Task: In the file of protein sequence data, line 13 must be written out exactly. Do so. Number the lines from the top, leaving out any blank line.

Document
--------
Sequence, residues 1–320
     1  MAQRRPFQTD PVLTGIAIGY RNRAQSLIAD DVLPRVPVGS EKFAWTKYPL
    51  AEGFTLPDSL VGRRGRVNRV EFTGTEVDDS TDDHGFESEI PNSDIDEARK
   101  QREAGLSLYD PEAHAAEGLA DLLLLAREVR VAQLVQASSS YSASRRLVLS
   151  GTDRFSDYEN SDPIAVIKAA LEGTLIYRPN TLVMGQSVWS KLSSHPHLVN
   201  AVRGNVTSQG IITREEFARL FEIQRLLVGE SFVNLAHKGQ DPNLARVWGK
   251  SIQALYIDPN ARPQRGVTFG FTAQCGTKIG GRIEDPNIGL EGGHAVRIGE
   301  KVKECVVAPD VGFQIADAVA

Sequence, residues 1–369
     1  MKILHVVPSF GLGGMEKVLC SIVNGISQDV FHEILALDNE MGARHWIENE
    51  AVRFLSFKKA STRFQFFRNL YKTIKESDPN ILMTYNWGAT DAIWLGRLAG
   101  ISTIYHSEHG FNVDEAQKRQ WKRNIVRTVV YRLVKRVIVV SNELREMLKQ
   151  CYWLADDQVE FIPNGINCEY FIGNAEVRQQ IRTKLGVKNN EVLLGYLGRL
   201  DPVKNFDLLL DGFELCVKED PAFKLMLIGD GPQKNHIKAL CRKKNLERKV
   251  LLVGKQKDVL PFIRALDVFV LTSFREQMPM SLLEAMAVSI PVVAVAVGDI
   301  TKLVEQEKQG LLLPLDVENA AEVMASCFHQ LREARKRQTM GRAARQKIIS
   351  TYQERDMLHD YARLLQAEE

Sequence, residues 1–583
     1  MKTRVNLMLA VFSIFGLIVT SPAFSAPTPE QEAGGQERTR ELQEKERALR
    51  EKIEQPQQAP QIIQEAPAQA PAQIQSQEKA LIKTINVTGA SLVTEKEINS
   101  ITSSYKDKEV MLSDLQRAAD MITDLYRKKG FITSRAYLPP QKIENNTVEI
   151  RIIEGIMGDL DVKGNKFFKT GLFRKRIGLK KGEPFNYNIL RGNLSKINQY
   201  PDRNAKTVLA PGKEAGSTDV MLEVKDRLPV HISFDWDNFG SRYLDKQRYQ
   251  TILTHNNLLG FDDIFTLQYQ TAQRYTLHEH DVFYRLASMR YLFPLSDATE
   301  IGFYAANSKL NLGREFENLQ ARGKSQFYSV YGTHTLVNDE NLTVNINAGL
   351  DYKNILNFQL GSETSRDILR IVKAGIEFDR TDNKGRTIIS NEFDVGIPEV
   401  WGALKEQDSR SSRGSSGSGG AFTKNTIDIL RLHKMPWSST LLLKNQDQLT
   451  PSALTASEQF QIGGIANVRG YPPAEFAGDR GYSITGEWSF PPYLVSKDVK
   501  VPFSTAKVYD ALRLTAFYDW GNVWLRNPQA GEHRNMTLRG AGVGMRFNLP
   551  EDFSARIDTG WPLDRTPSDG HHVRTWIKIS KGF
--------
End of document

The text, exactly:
   151  CYWLADDQVE FIPNGINCEY FIGNAEVRQQ IRTKLGVKNN EVLLGYLGRL